OK, so this is going to be a tough year. Some of the books I review this year will be “cheating,” that is to say, they will be very short. I’ve assembled around 20-30 books to read and will be keeping my eyes open for other good books. Today, I will try my hand at writing an appropriate review of Dante’s Inferno. This book is out of my comfort zone, so to speak. It is written as a collection of poems (I think). This particular version contains summaries by John Ciardi before each poem (which serve as chapters, or “Cantos”).
The story starts with Dante awakening on the outskirts of Hell (capitalized as it is in the book). Basically, the book is his adventure with one or two guides through to the center of Hell, which is broken up into 9 circles, with Satan in the middle. I think the point is that the worst crimes against God are closest to the center, but that hardly makes sense. For example, warlords are in the seventh circle, along with those who committed suicide (and actually, suicides are closer to Satan), while Brutus is in Satan’s mouth (ninth circle). It hardly seems fair that a guy that murdered a tyrant should be tortured more than Atilla the Hun. Speaking of which, Atilla is the only non-European our hero meets in his passage through Hell (don’t quote that, but the point is that he meets a very limited number of people, mostly from Italy or Greece, I guess that’s where all the sinners are from).
The outer layer of Hell, if it can be called the outer layer, is made up of people that were basically good. They did no wrong throughout their lives but died before Jesus was born (or perhaps were good for the “wrong reasons”), so that hardly seems fair; withheld from eternal bliss because they were born at the wrong time. Also in this area are unbaptized children; in Hell strictly because they weren’t old enough to not go to Hell. So, we get through the opening of the book where mostly (or completely) good people are being sort of tortured and make our way to the people who were bad. In Hell, the punishments “fit the crimes” in that they are somewhat ironic; for example, fortune tellers (those that proclaimed to see into the future) had their heads twisted around and walked forever backward (never able to see ahead of themselves). Also in Hell are the titans. Which guard the 9th circle, a giant frozen lake with Satan chewing on Judas, Brutus, and Cassius.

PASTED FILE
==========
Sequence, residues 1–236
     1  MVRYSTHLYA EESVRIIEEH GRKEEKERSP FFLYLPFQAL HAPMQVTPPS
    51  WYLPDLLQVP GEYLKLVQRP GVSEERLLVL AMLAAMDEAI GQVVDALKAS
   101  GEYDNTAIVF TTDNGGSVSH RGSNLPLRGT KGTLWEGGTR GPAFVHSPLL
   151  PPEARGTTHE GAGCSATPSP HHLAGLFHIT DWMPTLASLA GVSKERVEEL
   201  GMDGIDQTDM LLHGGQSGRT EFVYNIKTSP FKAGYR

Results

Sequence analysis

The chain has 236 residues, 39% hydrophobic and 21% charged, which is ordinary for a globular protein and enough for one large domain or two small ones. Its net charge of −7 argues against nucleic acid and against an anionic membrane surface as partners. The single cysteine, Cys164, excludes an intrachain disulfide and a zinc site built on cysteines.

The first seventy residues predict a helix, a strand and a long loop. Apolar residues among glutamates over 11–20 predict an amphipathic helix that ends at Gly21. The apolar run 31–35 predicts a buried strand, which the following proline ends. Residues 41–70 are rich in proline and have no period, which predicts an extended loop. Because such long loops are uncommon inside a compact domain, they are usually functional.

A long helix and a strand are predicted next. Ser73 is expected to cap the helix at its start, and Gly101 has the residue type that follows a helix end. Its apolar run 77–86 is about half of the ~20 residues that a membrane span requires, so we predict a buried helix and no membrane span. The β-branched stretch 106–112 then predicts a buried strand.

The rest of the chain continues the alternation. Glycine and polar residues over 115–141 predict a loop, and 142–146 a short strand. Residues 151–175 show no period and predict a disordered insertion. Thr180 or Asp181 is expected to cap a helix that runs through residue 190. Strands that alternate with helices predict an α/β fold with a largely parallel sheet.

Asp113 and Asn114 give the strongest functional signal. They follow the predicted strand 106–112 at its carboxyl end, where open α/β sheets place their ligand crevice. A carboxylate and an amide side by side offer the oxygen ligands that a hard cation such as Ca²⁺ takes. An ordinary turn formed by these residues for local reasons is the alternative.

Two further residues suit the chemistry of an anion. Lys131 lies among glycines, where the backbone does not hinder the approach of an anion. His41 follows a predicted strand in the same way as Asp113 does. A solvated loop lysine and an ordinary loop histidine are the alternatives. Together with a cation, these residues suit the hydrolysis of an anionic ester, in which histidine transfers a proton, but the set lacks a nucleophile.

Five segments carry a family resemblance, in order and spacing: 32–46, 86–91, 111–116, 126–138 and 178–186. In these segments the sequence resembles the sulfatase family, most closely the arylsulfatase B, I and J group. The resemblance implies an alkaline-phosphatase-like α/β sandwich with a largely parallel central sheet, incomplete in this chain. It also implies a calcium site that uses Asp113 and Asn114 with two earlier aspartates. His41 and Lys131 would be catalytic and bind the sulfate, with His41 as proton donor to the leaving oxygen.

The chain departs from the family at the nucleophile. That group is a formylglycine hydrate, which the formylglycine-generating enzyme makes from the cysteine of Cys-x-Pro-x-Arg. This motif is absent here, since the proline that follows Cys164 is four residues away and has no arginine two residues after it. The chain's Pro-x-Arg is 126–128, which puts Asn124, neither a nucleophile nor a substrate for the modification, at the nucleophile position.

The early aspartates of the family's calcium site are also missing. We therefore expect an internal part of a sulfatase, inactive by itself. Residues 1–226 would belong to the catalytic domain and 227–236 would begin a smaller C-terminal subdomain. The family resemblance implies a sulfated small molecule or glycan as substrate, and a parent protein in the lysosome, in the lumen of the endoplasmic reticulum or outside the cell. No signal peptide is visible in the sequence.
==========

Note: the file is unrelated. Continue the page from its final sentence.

The big let down of this journey through Hell is the ending, as I find often to be the case. In the beginning of the book, it felt as though Dante was meant to be travelling to Heaven, but the book ends with his ascent out of Hell (which is in the center of the Earth). It also is a bit of a letdown that we don’t get to see what Dante does with all the information he learned in Hell; there are several times where he promises to give fame to someone in Hell in exchange for information from those tortured. Another sort of bizarre aspect of this book is that Dante is kind of a jerk. On more than one occasion he is rude to, lies to, or physically assaults someone being tortured.
Overall, I’m glad I took the time to read Dante’s Inferno, but would not recommend it generally. I fell asleep four separate times during the book, so if you are looking for something to put you to sleep, this might be your ticket (I can’t say it won’t give you nightmares, though). My final thought is that this would be an amazing story to bring to life in a virtual reality simulator (like Google Daydream). Alright, see you next time internet!